06 Apr Walking Naked and Other Uncomfortable Things
Borges is one of those writers that is highly appreciated yet poorly understood. You might have heard of him, but probably you haven’t read his writings. His work reminds me of David Bowie. There is this aura of bizarreness that covers it. It makes it seem disruptive and avant-garde. Yet it’s simple, classic, and universal.
One of the best stories about Borges is about fútbol–yes, hold on, we will get to the fitness and the mindset and the food on time.
In 1978 the Argentinian national team made it to the World Cup final where they would meet The Netherlands. At this point in time, Argentina was going through one of the most devastating periods of its history — and they have quite a history. Two years earlier, a group of army officers called La Junta Militar had initiated the most outrageous of South-American dictatorships. The country was in the hands of what can only be described as a bloody board of fascist directors. In this context, being in the world cup final against what is arguably one of the best teams in soccer history was a little slice of joy that the Argentinian people were eager to savor.
But Borges didn’t care about fútbol. The final was scheduled at the regular time of one of the classes he taught at the University. A more down-to-earth teacher would have canceled that day’s class. Not Borges. He knew nobody would go to his class, and yet he did. He knew nobody would be in the classroom, and yet he entered. He knew nobody was listening to his class, and yet he gave it.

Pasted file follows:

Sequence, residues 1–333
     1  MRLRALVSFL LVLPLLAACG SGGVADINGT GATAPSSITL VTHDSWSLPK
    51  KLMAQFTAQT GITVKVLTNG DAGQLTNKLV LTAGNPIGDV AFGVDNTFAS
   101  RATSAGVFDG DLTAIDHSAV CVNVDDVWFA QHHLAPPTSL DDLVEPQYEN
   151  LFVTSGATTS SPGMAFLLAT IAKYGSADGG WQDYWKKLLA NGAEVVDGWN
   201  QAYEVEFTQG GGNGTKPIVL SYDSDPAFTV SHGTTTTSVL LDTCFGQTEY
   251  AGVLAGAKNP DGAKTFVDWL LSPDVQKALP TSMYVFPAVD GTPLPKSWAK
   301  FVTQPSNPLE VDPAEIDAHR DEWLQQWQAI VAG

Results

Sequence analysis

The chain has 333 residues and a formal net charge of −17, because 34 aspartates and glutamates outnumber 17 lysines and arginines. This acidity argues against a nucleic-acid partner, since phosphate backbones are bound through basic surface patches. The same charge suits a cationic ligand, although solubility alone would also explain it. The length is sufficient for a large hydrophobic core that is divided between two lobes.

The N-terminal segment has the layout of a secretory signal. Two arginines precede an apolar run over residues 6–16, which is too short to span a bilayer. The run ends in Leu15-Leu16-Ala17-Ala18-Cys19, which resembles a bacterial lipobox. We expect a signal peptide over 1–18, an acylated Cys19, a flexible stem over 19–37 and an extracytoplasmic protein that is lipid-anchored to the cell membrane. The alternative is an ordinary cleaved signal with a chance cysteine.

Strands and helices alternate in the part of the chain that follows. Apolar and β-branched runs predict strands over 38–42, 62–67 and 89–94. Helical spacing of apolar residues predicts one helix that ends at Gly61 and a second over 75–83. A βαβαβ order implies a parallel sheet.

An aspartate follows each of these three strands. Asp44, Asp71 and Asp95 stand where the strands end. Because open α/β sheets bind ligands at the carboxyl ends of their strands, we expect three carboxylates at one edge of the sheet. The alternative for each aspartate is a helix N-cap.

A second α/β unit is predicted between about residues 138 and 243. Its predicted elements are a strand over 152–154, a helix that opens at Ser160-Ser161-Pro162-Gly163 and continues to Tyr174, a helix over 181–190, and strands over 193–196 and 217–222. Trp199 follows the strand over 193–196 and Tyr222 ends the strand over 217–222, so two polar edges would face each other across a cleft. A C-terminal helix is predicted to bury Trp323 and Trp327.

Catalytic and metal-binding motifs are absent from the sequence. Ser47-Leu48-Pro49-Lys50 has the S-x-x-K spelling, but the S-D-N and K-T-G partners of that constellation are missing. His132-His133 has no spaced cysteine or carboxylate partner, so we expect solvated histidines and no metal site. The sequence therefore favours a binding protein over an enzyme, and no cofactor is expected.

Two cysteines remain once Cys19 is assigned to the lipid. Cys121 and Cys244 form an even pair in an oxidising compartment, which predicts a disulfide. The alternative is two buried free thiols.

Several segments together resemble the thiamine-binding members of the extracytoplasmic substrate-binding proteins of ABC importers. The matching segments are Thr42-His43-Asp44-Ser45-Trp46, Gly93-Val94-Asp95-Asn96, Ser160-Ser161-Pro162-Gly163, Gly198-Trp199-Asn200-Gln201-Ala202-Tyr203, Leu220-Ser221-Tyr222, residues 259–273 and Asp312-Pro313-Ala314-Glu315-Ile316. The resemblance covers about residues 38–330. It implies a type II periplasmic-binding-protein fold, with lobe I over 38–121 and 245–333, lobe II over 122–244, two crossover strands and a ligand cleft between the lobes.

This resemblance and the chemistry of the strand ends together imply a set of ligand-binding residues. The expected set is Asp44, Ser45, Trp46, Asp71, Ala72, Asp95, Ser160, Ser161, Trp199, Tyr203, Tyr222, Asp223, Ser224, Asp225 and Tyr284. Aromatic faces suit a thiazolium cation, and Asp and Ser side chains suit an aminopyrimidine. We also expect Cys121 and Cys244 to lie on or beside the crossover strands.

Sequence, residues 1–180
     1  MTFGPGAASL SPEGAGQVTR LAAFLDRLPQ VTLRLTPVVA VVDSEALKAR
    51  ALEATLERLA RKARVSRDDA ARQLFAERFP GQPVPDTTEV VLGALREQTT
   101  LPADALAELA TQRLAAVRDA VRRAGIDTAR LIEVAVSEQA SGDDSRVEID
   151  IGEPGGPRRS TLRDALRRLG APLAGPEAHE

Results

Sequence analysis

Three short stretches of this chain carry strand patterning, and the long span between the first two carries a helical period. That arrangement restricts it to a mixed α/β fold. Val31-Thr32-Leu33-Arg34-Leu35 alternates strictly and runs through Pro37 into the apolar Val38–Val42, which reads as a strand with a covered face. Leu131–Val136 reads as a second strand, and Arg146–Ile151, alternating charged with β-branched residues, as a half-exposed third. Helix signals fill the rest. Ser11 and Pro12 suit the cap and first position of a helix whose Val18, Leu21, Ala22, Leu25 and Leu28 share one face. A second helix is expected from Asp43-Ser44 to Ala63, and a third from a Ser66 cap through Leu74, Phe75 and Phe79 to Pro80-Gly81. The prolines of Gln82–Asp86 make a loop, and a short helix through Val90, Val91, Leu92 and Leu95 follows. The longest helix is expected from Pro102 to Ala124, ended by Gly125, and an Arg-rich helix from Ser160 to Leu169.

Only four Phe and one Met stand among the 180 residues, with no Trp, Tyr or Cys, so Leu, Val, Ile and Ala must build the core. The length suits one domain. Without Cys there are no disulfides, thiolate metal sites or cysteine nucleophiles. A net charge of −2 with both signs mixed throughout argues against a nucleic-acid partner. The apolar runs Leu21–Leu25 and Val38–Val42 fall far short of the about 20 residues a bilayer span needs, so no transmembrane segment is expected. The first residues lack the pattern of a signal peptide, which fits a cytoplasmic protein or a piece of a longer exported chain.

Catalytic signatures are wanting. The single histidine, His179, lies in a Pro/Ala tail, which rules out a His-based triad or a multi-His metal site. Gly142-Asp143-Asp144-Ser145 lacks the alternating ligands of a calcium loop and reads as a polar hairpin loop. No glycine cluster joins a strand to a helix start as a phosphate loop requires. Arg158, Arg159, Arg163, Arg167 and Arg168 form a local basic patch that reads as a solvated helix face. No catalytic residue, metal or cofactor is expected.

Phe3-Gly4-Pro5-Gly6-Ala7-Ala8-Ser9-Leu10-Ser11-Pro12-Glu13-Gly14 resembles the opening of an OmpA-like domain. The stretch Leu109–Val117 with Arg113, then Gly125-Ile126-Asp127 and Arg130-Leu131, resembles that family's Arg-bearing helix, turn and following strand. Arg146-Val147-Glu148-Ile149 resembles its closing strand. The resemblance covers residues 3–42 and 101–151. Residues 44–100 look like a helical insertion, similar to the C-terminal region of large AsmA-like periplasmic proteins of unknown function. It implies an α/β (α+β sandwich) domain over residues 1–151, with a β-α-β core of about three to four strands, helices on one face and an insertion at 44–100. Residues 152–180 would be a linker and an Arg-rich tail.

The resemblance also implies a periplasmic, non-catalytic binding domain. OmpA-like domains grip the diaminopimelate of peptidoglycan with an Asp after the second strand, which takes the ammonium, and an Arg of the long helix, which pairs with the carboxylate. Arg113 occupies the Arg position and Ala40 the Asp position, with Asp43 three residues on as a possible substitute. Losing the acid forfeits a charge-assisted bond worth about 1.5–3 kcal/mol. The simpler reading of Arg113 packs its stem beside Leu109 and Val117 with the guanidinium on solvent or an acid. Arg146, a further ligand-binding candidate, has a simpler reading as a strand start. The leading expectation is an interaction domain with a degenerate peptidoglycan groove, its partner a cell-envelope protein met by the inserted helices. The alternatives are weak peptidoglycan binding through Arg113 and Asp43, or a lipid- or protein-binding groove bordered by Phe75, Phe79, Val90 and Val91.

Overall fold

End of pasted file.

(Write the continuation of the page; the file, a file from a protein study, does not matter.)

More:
What was the class about? Berkeley of course.
That’s it, that’s the story. You might have to think about that one for a second. But let’s carry on and move to the foods, and the barbells and the mindsets.
Borges also happened to have written a poem that is fantastic and it is the excuse I have to talk to you about him today. The poem has the unassuming title: End of the year. And in it, all he does is to point at the fact that when we celebrate the end of the year we don’t really celebrate the pass of time. What we celebrate is the strange fact that despite all the time passed and all the change happened there is something inside us, there is something about us, that’s still is the same.
It is super weird. In life, all we see is change, all we do is change, and yet there is something permanent in us, something that never changes.
This idea has always stayed with me, especially now that my job is to coach my peeps. I find it fascinating that I work day in and day out for people to achieve change. I help my athletes change themselves in some specific way. And yet despite the fact that change is all we see in life and it is all my people want, change is one of the hardest things to achieve.
My hypothesis is that there is a biological function for this.